Mexico depends to a very large extent on oil revenues for its economic progress, but the government has acknowledged that this needs to change. “It is not wise for a country to depend on a single natural asset, particularly a non-renewable resource. We know that we will run out of fossil fuels and we have a situation in which the country is very vulnerable to climate change,” says Molina. Mexico is left vulnerable because of its dependence on oil, he states, while adding that a developing country like Mexico can continue using fossil fuels, as long as it is undertaking a plan to change this situation. He adds that it would make sense for Mexico to be part of a North American energy strategy, in which Mexico, the US and Canada form a joint goal of not importing fossil fuels. For that to happen, energy use has to become more efficient and demand has to decrease. “There are some simple minds that think that decreasing fossil fuels would leave society unable to address poverty. But it is actually the other way around, as climate change will impact poor people more directly,” explains Molina.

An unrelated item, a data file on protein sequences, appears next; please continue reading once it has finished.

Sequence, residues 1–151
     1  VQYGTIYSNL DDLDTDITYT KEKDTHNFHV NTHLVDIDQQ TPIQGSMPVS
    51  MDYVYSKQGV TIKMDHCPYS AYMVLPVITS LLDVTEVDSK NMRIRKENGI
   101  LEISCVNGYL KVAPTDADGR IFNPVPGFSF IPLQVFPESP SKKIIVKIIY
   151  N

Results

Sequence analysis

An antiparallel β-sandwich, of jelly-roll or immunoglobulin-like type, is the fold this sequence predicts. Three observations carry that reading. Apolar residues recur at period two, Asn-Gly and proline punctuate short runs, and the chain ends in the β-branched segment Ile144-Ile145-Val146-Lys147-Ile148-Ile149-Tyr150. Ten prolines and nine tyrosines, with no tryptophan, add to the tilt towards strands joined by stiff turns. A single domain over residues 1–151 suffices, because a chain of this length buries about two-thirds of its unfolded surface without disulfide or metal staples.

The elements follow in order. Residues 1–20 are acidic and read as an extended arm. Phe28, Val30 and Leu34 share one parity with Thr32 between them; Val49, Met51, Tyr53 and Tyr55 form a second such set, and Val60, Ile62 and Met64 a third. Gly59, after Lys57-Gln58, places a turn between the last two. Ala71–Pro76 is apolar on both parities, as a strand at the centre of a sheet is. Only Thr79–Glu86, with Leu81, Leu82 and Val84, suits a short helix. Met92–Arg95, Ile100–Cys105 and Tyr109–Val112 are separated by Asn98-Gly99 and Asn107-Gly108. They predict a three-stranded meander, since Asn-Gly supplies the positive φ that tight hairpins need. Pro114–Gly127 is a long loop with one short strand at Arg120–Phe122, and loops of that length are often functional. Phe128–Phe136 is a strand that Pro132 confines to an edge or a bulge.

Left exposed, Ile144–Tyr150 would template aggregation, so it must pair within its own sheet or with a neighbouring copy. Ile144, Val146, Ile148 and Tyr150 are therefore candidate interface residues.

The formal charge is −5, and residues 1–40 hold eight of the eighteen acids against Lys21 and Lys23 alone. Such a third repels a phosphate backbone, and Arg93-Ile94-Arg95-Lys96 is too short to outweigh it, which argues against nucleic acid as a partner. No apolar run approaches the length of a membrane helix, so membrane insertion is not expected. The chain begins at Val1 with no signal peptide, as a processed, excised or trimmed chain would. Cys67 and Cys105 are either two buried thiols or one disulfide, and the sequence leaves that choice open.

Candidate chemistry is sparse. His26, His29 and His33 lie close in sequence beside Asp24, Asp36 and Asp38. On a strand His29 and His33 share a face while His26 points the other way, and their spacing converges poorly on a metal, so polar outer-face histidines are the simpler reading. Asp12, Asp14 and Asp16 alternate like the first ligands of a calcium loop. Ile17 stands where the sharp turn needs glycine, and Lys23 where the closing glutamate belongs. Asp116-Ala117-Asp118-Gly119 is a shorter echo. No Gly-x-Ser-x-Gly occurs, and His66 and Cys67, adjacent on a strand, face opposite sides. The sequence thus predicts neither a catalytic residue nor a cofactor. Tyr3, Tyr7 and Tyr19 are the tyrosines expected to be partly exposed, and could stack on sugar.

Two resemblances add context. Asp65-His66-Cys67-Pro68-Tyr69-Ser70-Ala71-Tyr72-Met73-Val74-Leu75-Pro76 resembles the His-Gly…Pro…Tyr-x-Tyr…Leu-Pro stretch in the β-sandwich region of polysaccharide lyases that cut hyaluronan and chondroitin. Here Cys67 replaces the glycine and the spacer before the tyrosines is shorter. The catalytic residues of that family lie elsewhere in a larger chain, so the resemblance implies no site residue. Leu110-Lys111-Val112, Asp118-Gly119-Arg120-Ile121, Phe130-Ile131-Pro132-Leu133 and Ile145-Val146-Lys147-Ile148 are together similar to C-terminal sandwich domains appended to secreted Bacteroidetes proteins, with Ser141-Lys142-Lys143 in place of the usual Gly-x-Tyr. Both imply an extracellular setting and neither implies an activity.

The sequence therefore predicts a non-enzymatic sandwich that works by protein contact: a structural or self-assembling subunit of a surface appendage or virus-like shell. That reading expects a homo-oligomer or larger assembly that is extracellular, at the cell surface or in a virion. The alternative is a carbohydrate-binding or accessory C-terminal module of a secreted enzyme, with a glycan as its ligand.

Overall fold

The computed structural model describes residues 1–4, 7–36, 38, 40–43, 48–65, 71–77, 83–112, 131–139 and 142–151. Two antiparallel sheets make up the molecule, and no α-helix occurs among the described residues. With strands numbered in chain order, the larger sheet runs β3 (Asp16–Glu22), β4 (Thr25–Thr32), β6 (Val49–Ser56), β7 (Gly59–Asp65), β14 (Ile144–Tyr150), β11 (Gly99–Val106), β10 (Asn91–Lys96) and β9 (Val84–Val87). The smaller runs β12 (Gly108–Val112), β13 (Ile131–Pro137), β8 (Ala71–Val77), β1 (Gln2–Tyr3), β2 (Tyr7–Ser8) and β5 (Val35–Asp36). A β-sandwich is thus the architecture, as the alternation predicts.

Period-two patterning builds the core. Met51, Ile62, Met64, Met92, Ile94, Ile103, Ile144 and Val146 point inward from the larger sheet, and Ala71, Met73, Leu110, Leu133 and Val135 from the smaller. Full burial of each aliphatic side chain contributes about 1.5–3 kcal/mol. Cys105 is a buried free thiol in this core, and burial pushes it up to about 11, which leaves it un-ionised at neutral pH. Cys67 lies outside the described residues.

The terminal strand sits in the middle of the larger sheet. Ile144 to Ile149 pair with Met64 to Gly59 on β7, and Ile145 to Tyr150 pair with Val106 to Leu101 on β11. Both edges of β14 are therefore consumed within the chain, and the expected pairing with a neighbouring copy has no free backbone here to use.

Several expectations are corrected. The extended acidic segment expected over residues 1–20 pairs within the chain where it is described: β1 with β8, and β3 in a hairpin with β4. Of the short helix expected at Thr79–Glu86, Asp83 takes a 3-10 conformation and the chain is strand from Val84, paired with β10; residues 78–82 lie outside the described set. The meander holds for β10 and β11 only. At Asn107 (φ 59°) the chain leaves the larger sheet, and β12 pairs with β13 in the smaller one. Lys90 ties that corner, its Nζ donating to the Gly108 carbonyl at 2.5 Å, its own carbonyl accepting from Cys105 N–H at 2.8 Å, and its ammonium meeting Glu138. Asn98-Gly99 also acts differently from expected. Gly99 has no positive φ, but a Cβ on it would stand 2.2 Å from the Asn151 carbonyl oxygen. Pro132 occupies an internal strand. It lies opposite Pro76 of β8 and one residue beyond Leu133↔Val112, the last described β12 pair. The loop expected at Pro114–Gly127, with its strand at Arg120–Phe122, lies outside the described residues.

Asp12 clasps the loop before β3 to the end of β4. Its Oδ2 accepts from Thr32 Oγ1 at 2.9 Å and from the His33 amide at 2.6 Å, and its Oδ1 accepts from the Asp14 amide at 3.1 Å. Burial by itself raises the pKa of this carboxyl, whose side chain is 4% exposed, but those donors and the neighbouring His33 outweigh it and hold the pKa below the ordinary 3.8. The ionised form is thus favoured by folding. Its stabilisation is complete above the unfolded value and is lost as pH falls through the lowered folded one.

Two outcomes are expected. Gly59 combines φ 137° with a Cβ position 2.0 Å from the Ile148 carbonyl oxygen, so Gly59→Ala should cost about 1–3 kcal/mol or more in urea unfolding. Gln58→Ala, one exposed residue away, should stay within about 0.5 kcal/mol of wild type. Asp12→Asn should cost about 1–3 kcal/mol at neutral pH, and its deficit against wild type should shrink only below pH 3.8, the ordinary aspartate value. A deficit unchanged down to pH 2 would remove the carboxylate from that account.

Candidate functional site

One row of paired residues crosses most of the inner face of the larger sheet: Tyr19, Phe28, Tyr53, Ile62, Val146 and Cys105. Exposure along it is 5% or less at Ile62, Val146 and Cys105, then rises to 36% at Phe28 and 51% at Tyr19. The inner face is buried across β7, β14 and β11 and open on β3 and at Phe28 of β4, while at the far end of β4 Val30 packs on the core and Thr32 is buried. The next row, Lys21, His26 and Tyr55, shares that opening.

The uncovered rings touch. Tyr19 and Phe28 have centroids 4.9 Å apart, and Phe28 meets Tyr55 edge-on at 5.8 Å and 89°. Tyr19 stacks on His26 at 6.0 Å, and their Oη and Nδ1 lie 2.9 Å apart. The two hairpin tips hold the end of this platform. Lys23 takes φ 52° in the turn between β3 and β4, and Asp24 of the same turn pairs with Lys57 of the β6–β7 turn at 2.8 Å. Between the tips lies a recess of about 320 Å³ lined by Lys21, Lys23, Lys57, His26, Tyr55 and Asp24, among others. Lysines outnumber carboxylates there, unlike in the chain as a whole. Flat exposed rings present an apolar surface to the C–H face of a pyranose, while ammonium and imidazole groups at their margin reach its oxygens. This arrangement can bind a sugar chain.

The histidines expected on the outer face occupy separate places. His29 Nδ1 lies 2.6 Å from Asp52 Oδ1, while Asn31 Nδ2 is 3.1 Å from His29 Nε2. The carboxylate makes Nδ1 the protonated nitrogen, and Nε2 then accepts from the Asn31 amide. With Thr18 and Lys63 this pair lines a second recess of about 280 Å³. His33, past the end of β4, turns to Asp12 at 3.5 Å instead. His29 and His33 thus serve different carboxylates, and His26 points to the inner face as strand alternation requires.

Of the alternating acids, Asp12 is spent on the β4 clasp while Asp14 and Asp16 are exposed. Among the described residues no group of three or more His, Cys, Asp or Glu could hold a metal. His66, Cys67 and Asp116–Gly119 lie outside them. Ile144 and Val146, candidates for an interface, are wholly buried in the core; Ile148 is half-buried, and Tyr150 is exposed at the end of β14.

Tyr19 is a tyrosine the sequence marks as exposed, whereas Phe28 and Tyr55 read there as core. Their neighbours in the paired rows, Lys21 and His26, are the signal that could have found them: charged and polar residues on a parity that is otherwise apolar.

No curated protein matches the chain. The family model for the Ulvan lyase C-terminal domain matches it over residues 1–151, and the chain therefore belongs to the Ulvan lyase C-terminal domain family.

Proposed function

Molina also encourages incentives for hybrids to be used in the transportation sector, on the condition that they cost less for using less fuel. While this could result in higher fuel prices, it would mean less taxation on hybrids. The same applies for the construction industry where existent regulations and norms are necessary to ensure proper isolation systems on new buildings. The Mario Molina Center is already working with the private sector to develop isolation technology for social interest housing. This is due to proper isolation being a good investment because of its fast returns, particularly when energy or electricity are not subsidized. Similar obstacles impair a number of industries, says Molina. Even though the wind energy industry does not need subsidies, the many barriers that hinder this sector and ensure its collaboration with CFE and SENER are in the process of being taken down. Wind farms tend to be located far from the grid although the aftermath of the Energy Reform should begin resolving this, as well as the similar situation of natural gas which lacks infrastructure. “Solving infrastructure issues related to energy should be seen as a single challenge, since there is an undisputable need for appropriate infrastructure across various energy sources,” says Molina.